Thursday, May 16, 2013

The Big Stumbling Block

Keith Kloor has some pertinent and insightful thoughts on the Skeptical Science survey published in Environmental Research Letters. He links to a report showing that many Americans view global warming as a problem of the future, or for other places or species, and writes
"That. Is. The. Stumbling. Block.

"Getting past that is going to require a frank debate about future uncertainties, risks, and scenarios, and the reconciliation of competing values."
None of the latter come from putting forward a single number like "97%."


Victor Venema said...

If that is the new debate, we have made a huge step forward.

No more childish: the temperature is not increasing and if it is it is only half as much and if it is it is not due to CO2 and if it is it is natural and will go down soon.

Anonymous said...

I agree with the quote from Keith.

But the conclusion that investigating the level of scientific consensus about the big picture is therefore meaningless doesn't quite follow. Esp not in light of a massive "consensus gap".

Likewise, the value of detailed physical inquiry does not negate the value of this type of study.


Anonymous said...

How is what you, Revkin, and Kloor are doing with respect to ignoring the evidence showing the importance of getting the public to understand the consensus not just blatant cherry picking?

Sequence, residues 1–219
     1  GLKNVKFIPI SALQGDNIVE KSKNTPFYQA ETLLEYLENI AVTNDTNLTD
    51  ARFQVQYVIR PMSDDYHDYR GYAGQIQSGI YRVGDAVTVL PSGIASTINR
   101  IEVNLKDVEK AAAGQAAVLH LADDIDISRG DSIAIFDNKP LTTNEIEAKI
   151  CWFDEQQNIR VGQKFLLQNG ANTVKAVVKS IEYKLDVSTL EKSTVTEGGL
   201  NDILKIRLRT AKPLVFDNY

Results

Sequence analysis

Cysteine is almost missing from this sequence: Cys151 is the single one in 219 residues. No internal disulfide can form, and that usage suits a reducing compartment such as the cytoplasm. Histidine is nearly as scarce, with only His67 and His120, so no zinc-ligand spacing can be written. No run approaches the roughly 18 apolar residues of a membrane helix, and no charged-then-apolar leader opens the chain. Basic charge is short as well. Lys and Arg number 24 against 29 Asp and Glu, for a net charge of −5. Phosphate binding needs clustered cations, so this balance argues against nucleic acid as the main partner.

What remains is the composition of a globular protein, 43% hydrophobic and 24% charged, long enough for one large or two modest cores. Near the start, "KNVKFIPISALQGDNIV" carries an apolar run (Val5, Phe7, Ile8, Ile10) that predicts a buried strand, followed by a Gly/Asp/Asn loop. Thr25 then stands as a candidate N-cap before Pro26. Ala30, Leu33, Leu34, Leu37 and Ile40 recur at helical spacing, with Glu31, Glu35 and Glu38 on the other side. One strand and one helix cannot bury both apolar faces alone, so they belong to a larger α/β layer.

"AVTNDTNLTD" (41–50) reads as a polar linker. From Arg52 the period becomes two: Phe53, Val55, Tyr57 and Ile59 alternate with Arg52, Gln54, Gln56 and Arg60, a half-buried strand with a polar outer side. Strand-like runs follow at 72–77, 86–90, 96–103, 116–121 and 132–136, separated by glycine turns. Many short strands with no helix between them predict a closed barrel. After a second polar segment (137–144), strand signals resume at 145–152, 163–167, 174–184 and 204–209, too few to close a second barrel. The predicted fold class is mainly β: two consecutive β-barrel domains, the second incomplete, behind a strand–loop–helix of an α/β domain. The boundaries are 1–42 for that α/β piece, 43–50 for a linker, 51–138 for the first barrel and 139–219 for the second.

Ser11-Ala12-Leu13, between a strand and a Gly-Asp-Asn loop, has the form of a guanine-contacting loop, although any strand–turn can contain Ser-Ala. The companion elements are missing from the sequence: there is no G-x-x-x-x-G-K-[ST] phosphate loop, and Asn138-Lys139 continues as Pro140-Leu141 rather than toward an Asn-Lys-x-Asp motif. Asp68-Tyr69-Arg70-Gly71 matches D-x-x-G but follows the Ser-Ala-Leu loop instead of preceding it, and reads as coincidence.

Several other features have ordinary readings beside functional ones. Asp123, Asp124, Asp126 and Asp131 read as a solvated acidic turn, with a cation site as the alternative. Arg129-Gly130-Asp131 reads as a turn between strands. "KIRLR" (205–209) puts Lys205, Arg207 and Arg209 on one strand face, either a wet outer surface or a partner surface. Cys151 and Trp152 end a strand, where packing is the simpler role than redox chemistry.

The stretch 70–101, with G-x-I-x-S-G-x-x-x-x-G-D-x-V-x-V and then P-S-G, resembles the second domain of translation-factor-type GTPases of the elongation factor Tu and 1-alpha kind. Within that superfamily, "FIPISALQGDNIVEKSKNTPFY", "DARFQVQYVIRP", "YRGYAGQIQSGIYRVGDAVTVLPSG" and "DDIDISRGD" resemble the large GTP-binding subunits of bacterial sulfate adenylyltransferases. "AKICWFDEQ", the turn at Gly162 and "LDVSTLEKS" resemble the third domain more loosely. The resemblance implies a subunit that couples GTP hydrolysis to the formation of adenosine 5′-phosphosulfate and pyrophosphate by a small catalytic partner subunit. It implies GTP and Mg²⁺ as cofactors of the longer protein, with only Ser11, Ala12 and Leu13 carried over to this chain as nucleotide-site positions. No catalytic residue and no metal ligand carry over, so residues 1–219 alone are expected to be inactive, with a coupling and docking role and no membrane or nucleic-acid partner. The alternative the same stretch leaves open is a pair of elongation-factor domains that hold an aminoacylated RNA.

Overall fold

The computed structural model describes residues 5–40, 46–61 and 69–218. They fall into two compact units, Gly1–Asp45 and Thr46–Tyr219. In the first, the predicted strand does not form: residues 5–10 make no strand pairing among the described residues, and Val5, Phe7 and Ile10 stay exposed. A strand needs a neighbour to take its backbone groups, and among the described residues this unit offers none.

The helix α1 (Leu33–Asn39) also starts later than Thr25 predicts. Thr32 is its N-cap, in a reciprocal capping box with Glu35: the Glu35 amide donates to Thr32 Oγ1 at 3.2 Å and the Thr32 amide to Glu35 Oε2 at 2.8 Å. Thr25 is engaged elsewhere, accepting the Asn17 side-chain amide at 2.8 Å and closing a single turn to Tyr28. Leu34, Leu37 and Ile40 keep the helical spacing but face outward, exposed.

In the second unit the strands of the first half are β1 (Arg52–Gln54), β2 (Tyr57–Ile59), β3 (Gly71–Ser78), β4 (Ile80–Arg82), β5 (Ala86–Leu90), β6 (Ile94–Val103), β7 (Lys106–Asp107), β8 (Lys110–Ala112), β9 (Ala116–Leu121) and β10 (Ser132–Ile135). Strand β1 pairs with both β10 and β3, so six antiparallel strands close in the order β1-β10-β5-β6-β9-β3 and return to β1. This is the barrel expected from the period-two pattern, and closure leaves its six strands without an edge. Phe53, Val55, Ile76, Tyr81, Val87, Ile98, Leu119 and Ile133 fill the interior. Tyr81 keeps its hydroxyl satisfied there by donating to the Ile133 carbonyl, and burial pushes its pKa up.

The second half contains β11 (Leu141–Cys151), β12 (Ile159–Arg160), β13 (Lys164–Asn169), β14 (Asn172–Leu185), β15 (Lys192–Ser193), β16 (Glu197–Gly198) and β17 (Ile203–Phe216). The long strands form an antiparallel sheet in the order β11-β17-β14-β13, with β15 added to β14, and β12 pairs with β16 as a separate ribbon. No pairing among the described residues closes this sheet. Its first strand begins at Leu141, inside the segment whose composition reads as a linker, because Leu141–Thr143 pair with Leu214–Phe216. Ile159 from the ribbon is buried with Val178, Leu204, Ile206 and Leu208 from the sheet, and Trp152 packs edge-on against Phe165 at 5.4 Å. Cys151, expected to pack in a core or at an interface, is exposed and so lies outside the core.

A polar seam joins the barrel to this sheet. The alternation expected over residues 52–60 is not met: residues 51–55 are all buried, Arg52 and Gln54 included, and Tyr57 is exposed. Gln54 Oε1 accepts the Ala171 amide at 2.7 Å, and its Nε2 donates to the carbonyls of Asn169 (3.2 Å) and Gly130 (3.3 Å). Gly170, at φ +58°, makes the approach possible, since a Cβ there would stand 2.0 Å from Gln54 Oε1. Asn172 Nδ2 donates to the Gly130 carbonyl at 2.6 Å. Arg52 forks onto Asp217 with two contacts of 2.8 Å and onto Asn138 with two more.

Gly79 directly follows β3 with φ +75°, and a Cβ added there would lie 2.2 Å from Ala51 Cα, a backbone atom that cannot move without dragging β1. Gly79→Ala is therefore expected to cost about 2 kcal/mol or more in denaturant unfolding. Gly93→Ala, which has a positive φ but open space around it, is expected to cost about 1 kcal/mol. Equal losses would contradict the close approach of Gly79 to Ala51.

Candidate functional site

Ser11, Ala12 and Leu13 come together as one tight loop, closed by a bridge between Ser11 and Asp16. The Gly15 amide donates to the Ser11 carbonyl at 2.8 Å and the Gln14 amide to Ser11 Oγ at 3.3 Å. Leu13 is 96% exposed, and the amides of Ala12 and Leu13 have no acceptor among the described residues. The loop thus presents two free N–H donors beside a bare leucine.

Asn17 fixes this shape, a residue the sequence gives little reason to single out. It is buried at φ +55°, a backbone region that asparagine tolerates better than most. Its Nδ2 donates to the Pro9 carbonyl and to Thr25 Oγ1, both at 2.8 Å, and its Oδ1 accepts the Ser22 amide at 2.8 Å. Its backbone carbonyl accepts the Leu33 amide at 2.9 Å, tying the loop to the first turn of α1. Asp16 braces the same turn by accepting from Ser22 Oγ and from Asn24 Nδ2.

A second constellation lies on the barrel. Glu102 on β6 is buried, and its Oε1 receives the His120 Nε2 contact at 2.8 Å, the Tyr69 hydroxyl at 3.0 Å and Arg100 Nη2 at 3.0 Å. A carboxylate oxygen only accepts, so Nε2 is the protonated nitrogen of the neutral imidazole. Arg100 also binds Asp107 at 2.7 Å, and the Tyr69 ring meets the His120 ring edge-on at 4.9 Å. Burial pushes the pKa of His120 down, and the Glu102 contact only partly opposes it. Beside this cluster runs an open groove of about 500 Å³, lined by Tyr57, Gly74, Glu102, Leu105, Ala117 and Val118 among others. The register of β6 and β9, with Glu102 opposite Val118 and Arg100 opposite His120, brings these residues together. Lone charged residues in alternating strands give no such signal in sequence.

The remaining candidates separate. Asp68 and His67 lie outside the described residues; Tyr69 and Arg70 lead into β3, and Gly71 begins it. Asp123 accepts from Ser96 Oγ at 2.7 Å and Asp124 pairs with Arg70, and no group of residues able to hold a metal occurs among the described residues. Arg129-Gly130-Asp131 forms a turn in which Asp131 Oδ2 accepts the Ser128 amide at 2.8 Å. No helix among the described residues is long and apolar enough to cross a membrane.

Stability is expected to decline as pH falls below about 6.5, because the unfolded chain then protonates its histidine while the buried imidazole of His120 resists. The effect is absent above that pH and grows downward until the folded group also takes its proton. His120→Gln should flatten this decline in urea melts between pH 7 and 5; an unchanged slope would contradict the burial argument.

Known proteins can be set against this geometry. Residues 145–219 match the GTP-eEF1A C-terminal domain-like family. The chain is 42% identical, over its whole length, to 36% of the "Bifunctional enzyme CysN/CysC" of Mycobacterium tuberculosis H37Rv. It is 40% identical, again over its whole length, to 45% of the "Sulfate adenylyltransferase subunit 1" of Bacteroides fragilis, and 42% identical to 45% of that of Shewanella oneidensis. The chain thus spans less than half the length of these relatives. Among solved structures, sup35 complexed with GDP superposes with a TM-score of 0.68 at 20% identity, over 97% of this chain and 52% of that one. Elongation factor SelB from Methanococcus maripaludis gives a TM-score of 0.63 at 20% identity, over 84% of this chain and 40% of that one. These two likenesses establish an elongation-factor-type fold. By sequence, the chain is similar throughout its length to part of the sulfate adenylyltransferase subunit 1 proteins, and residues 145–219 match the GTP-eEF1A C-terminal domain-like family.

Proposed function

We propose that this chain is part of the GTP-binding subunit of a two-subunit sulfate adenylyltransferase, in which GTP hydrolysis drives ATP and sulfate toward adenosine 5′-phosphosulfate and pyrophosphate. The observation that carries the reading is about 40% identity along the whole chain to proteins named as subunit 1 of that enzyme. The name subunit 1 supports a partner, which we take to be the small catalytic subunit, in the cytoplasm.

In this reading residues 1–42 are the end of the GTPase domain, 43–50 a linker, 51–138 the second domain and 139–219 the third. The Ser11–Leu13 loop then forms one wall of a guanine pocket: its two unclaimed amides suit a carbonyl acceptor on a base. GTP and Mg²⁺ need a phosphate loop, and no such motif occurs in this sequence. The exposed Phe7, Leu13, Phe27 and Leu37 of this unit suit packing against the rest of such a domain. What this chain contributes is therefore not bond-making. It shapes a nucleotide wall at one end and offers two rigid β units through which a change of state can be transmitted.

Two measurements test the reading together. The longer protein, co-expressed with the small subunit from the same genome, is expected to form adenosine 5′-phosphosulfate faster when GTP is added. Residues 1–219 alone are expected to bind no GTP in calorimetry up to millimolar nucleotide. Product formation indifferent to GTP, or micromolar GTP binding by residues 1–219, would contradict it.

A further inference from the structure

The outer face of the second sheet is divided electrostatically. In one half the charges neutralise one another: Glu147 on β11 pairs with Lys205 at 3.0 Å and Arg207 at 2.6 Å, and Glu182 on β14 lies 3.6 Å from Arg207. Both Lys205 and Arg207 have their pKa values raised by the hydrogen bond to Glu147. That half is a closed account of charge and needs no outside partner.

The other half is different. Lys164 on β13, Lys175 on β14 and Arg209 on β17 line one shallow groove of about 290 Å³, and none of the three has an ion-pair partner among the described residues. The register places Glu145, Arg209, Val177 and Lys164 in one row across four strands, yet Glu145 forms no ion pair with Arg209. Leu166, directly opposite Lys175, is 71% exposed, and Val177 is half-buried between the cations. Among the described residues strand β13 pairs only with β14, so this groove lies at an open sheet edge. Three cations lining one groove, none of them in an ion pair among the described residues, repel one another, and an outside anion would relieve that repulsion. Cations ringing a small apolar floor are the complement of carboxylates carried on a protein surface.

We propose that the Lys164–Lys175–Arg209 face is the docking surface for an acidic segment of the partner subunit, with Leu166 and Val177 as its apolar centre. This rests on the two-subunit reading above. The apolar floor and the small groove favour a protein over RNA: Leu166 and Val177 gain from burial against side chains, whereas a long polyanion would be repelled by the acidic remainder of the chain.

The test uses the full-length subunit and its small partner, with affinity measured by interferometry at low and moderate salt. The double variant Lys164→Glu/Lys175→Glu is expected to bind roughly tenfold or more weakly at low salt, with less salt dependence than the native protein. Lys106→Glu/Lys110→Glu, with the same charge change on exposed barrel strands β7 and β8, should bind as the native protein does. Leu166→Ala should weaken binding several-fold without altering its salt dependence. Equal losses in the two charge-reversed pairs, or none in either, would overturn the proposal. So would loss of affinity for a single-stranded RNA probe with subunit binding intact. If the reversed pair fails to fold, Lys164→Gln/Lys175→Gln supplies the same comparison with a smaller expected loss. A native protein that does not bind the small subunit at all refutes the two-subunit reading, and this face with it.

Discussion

bigcitylib said...

Actually, neither you nor Kloor get to decide what the big stumbling blocks are. As long as people are still wheeling out the "no consensus" line, then papers like this have to appear in the literature to refute them. Same thing happened with papers demonstrating the smoking/lung cancer link. It was necessary to prove and reprove the same basic proposition. Has to be done here as well; whether you or Kloor would rather be talking about something else is not relevant.

David Appell said...

Define "consensus."

There is certainly "consensus" in some scientific fields about some of their topics.


timg56 said...

Regarding Keith Kloor highlighting the Gallup survey point that Anmericans can't get worked up about climate change because its impacts are seem as being far in the future.

That may apply to a percentage of the people. I don't think it is the dominate reason.

Seeing this comment from the report - "have shown generally consistent majority support for the idea that global warming is real, that human activities cause it, and that news reports on it are correct, if not underestimated." - I thought that I can agree to the first point, partially agree to the second (I would substitute "are a cause" or "are impacting" to agree completely with it) and probably not agree to the last.

I'd also point out that it was statements such as "the debate is over", "the science is settled" and the whole "97% of climate scientists agree" argument which were what due me to this issue in the first place. That goes against what I learned about the scientific method (and put into practice as a science education mentor). Waiving the consensus flag is a distraction as far as I'm concerned.

timg56 said...

RE bigcity,

you should probably be questioning John Cook if you are of the opinion that the consensus argument needs to be pushed harder. I see it as diluting the argument.